Nine Good Reading Habits

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Nine Good Reading Habits by Mind Map: Nine Good Reading Habits

1. Read

1.1. Practice reading to improve. To that end, students make reading book bags. From the library, the classroom library, and home, they collect 3-5 books, comics, magazines, graphic novels or newspapers. They read on the same topic or in an author or genre series for a long time if they wish. I read, too in order to share my challenges and joys.

2. Read to someone, with someones and by yourself every day.

2.1. I ask my students to read texts 1-2 years below their reading level, on their reading level, and 1-2 years above their reading level  every day if they can (Goldilocks' system). This includes all the reading they do in and out of school.

3. Build sustained personal reading time

3.1. Provide time in school to build reading time to 90 minutes in one sitting. Every other Friday, build sustained reading time. Start by reading 20 minutes. In 2 weeks, try 40. In 2 more weeks, try 60. If students can not keep this pace, slow it down

4. Read in phrases, not word for word.

4.1. Readers should look ahead as they read to chunk words together that seem to go together. There are no rules for how to phrase. It is a matter of experimenting and training your eye to look ahead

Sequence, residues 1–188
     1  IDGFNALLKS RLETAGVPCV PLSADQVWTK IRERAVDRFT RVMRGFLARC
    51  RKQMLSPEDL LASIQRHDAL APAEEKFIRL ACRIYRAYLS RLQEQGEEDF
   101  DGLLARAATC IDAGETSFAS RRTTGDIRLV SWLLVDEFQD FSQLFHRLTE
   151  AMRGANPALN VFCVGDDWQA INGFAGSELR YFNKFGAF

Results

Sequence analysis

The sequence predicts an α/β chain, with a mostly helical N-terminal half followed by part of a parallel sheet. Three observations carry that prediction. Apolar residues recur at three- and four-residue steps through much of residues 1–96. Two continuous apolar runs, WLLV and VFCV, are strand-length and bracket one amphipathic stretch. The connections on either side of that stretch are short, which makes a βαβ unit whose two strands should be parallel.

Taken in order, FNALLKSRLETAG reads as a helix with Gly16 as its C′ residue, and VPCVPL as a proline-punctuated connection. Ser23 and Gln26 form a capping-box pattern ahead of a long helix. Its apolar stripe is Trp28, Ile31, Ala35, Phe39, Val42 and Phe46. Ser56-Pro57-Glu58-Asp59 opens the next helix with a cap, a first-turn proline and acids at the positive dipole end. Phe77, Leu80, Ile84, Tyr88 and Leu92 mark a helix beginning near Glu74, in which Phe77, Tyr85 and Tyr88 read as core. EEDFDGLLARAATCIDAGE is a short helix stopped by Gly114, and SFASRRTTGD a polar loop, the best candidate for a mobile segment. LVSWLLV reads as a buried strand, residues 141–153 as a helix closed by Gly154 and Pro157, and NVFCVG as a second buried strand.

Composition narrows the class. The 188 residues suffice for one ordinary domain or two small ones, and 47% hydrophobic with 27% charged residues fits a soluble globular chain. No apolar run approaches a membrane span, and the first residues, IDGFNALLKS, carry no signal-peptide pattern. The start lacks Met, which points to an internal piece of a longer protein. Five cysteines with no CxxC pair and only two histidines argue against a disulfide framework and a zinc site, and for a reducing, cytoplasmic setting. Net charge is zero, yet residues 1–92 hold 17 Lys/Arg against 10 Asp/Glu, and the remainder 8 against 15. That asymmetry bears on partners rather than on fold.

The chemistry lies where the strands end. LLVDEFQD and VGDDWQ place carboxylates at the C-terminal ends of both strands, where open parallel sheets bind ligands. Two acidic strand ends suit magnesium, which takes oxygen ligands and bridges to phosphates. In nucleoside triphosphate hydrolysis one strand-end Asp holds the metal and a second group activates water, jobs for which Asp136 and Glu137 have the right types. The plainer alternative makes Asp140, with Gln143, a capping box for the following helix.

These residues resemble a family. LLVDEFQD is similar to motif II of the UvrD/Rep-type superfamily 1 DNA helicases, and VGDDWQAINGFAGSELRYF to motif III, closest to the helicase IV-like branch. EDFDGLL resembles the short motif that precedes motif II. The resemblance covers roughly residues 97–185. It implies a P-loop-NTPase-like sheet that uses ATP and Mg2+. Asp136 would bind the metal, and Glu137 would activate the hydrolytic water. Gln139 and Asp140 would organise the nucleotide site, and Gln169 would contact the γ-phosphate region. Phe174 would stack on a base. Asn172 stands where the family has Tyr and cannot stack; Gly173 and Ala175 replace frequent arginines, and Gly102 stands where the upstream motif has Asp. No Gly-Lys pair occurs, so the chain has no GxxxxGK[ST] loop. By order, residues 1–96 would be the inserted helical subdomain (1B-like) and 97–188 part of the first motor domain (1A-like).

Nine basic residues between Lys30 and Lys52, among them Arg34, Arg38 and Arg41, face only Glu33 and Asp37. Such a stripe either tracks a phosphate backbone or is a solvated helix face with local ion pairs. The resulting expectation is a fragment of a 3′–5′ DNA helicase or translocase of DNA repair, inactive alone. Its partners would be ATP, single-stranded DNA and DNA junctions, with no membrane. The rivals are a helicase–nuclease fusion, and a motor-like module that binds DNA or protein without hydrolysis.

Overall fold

5. Learn vocabulary

5.1. Collect words! I give students these directions: (1) Find new, interesting, important, or FUN words. (2) Record them in a composition notebook. (3) Read the context and write your guess about what the word means. (4) Look up the word. (5) If you are right, check it (√). If you are wrong, choose the definition from the dictionary that matches and write it in your own words.

6. Ask constantly, Does this make sense?

6.1. A simple habit to get into is to STOP when the reader realizes he is lost. Rereading, reading slower, whisper reading, physically getting up and moving, or asking someone what a word means are all actions readers can take to get back on track

7. Set a reading goal

7.1. Keep a record of your progress. When I confer with students, the suggestions I make become the student's goal. For example, if I teach the student to find small words within big words, then that becomes the student's personal reading goal. She records it in a central place – in a daybook in my classroom – and brings her goal with her each time we confer

8. Set an index card to track the words if you need to.

8.1. Some readers need to track. I teach them that it is okay to use an index card and put it under the line of text they are reading. I have had students who read haltingly but once given an index card read pretty well.

9. 9. Cover the page with a colored plastic sheet to help the words settle down.

9.1. Some students with difficulties love using a non-glare piece of plastic to cover the page. Marie Carbo discovered that covering the words with plastic overlays – a color unique to each reader – helps the words stop moving for these readers.